However, party politics has radically changed direction in the recent decades “from a compromise-oriented squabble over government spending into a zero-sum moral conflict over national culture and identity,” as Lee Drutman, author of Breaking the Two-Party Doom Loop: The Case for Multiparty Democracy in America, wrote recently.
In Drutman’s words, “As the conflict sharpened, the parties changed what they stood for. And as the parties changed, the conflict sharpened further. Liberal Republicans and conservative Democrats went extinct. The four-party system collapsed into just two parties.
“The Democrats, the party of diversity and cosmopolitan values, came to dominate in cities but disappeared from the exurbs. And the Republicans, the party of traditional values and white, Christian identity, fled the cities and flourished in the exurbs. Partisan social bubbles began to grow, and congressional districts became more distinctly one party or the other. As a result, primaries, not general elections, determine the victor in many districts.”
The inevitable outcome has been that cross-partisan deal-making has become extinct, there is no overlap between the two parties, and the system of separation of powers and checks and balances has given way.
The answer lies in multiparty democracy. But there is a vicious cycle, what with the elections clause of the constitution, which leaves states to decide their own rules, and reserves to Congress the power to intervene, a power that Congress has used over the years to keep the two-party system in place and ensure that elections largely remain uncompetitive.
How could there be modern mass democracy without political parties? Most advanced democracies have moved to proportional representation, supporting multiparty democracies, whereas the US electoral system and voting rules that were imported from Britain without debate in the 19th century remain frozen in time.
Multiparty democracy is not perfect, but it is far superior in supporting the diversity, bargaining, and compromise that are essential to self-government in a plural society like the US. The high levels of discontent and frustration manifest in the Capitol riots ring alarm bells that the binary “hyper-partisanship” (which Washington and Adams warned about) spells doom for the future of American democracy.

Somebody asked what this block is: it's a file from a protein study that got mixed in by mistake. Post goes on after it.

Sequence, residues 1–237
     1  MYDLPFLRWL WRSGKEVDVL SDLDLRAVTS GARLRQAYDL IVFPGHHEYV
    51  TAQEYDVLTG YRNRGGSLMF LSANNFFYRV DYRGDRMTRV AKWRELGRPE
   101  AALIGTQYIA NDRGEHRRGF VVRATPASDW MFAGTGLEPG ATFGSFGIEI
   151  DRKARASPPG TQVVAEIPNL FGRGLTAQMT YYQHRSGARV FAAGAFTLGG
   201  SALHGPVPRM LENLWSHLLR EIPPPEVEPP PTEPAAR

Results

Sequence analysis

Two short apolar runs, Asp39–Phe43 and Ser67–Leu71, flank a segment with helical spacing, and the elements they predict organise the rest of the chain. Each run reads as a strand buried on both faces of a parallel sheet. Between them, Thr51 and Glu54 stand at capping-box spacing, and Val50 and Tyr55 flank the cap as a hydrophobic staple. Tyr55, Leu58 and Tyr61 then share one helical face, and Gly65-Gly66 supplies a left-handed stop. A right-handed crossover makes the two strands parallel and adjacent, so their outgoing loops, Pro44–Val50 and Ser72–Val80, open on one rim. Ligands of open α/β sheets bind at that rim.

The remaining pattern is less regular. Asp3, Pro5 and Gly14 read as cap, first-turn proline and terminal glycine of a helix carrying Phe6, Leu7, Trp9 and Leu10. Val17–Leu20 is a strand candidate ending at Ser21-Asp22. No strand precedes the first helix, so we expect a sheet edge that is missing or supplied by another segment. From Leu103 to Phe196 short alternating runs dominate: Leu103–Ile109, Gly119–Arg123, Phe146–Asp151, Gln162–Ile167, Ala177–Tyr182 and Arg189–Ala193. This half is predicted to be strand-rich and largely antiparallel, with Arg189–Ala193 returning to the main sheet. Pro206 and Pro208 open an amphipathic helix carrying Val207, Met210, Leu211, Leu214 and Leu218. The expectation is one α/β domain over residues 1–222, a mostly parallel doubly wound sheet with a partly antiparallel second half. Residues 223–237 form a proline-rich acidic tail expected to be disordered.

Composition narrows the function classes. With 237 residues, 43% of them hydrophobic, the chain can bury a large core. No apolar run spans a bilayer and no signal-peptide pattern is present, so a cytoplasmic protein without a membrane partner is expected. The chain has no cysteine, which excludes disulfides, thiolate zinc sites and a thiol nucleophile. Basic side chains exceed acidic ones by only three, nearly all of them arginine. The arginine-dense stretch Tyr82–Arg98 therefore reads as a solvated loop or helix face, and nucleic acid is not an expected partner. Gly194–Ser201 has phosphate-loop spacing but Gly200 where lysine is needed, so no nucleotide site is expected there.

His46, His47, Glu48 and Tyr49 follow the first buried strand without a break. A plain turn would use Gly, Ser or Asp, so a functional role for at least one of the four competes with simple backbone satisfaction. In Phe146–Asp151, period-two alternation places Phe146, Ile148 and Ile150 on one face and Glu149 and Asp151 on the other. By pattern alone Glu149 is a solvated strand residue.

If the gathering storms are to be pre-empted, a course of reform is imperative aimed at transforming the US as a multiparty democracy. As things stand, hyper-partisanship has intensified legislative gridlock and is leading to top-down leadership. Congressional co-partisans have no incentive to check the president, since their electoral success is tied to his success and popularity.
On the other hand, congressional opposition partisans have no incentive to work with the president, since their electoral success is tied to his failure and unpopularity. The result is capitulation and/or stonewalling – depending on where one stands in the polarization.
In turn, the legislative gridlock means greater dependence on the judiciary to resolve issues, which of course has made Supreme Court appointments (especially with lifetime tenure) a high-stakes affair and has triggered nasty confirmation battles, and thus higher-stakes elections. The nadir was reached when Trump pressured Georgia’s secretary of state last Monday to overturn the 2020 election results.
Biden, a quintessential consensus maker who has described himself as a “transitional president,” is best qualified to address the root cause of the polarization in American politics before it turns into terminal malignancy.
The Europeans understand from their own history that the deeply flawed American variant of democracy can no longer represent and engage diffuse citizens, bringing them together for a common purpose, and politics is turning increasingly chaotic and despotic, and citizens and politicians feel threatened by executive overreach.
Foreign Minister Maas’ remark touches a raw nerve, but the future of American democracy may well depend on paying heed to Germany’s tragic history.
M K Bhadrakumar is a former Indian diplomat.